- The Washington Times - Monday, September 26, 2016

One of the city’s iconic attractions will remain on the shelf indefinitely as the officials seek a permanent fix for the balky elevator at the Washington Monument.

The National Park Service delivered the bad news Monday after revealing its technicians were unable to root out the cause of problems that have plagued the monolith’s elevator over the last few years.

“Despite the continuing work on the Washington Monument elevator, we have not been able to determine the causes of the ongoing reliability issues,” the Park Service said in a statement Monday. “As a result, we have made the difficult decision not to reopen the Washington Monument until we can modernize the elevator control system.”

NPS officials say they don’t know how long the $3 million repair job will take, but said it would keep the public abreast of progress. Some 600,000 tourists annually visit the site honoring the country’s first president.

“The scope of work to be accomplished while the monument is closed and the duration of the closure are still being determined; we expect to have an announcement with those additional details in the next couple of weeks,” the agency said in its statement.

In late August, the park service closed the landmark for the sixth time as maintenance workers struggled to address mechanical and electrical problems with the elevator. The elevator failed twice in 12 hours, including one incident in which several employees were trapped inside.

The elevator has broken 24 times since the monument was reopened in May 2014 after a three-year closure to repair earthquake damage. After the August incident, the NPS said it would investigate how long it would take to completely overhaul the elevator system, which hasn’t seen an upgrade in almost 20 years.

Initially, the Park Service said the effort could require the monument to be closed for eight or nine months, but after Monday’s announcement that timeline is up in the air. The overhaul will focus on the elevator’s electrical infrastructure, computer system and control panel.

Del. Eleanor Holmes Norton, the city’s non-voting Democratic representative in Congress, said the timing “could not be worse” as crowds arrive for the opening of the Smithsonian’s National Museum of African American History and Culture, which is next to the monument on the National Mall.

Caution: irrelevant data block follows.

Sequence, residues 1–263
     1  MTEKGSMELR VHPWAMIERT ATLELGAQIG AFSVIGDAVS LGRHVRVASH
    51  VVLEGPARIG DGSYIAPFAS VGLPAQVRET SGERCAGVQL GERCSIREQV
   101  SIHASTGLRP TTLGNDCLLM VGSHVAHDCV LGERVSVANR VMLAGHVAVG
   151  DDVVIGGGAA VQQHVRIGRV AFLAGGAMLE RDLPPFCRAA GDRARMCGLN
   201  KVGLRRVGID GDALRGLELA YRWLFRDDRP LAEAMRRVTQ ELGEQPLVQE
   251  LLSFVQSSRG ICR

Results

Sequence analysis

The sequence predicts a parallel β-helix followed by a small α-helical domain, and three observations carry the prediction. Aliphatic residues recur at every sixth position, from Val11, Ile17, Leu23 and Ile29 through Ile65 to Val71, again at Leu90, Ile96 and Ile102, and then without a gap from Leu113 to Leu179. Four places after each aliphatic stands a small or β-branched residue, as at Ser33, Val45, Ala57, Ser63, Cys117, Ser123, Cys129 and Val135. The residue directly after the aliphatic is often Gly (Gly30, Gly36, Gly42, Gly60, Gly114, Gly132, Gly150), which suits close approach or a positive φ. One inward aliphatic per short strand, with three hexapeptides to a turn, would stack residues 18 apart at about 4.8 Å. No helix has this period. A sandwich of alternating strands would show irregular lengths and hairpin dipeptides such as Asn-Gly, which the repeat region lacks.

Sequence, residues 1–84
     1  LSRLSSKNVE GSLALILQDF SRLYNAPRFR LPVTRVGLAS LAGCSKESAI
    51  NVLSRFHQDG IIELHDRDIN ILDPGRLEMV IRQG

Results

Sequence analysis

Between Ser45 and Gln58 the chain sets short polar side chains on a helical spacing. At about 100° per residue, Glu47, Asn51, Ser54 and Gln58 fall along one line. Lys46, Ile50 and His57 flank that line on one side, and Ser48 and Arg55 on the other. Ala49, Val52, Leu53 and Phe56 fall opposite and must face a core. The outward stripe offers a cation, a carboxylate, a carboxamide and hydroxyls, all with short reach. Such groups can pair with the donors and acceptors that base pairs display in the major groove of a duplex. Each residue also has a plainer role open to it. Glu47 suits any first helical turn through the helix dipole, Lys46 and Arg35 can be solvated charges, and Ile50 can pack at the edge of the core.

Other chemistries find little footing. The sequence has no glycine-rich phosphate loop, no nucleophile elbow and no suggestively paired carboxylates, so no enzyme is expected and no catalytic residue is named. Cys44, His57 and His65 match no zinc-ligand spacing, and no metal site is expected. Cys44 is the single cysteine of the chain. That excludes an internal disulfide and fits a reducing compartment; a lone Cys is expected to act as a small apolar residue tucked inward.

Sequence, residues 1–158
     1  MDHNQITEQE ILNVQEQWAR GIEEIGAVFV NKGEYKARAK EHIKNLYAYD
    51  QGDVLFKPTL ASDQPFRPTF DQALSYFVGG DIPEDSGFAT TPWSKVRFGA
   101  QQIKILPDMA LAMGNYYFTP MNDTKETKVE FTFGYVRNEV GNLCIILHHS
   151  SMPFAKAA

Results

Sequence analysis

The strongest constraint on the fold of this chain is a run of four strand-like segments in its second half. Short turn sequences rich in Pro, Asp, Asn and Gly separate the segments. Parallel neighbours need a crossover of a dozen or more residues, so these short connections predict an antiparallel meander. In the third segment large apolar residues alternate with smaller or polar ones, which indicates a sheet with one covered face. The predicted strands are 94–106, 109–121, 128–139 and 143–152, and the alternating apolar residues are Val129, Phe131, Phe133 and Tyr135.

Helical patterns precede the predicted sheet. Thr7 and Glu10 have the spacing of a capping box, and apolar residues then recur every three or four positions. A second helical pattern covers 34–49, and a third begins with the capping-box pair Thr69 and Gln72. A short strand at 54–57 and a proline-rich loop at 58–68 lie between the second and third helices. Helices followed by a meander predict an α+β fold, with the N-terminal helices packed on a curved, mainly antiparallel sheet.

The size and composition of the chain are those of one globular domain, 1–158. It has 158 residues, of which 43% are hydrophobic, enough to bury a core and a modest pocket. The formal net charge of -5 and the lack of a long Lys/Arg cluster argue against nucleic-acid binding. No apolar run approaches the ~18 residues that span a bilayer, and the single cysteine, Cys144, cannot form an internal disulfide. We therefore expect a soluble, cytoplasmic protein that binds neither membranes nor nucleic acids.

“We have grown so accustomed to the repeated closures that unless there is some danger to the public, the monument should be open to the public for as long as possible,” Ms. Norton said in a statement.

NPS spokesman Mike Litterst said allowing limited groups of people to walk the 896 steps to the top of the monument was being considered, although that option won’t be available to the general public.

“We certainly share the frustration and the disappointment of the visitors,” he said.

Some tourists who hoped to enter the monument Monday were surprised to find it closed, according to The Associated Press.

“People come from all over the world to see it. You would think that it would be in excellent repair and ready to receive visitors,” Morgan Edwards of Fairfield, California, told the news service. “I’m sure a lot of people were as surprised as I am and maybe a little disappointed.”

The rare 5.8-magnitude earthquake that hit the East Coast on Aug. 23, 2011, caused more than 150 cracks in the Washington Monument. Repairs to the marble structure took about three years to complete and cost about $15 million.

A 2012 damage assessment by engineering firms Wiss, Janney, Elstner Associates Inc. and Tipping Mar recommended inspecting and repairing the elevator rails and frame before reopening the monument.

No mention was made of damage to the control system, which has caused elevator outages since the monument reopened nearly two years ago.

⦁ This article was based in part on wire service reports.

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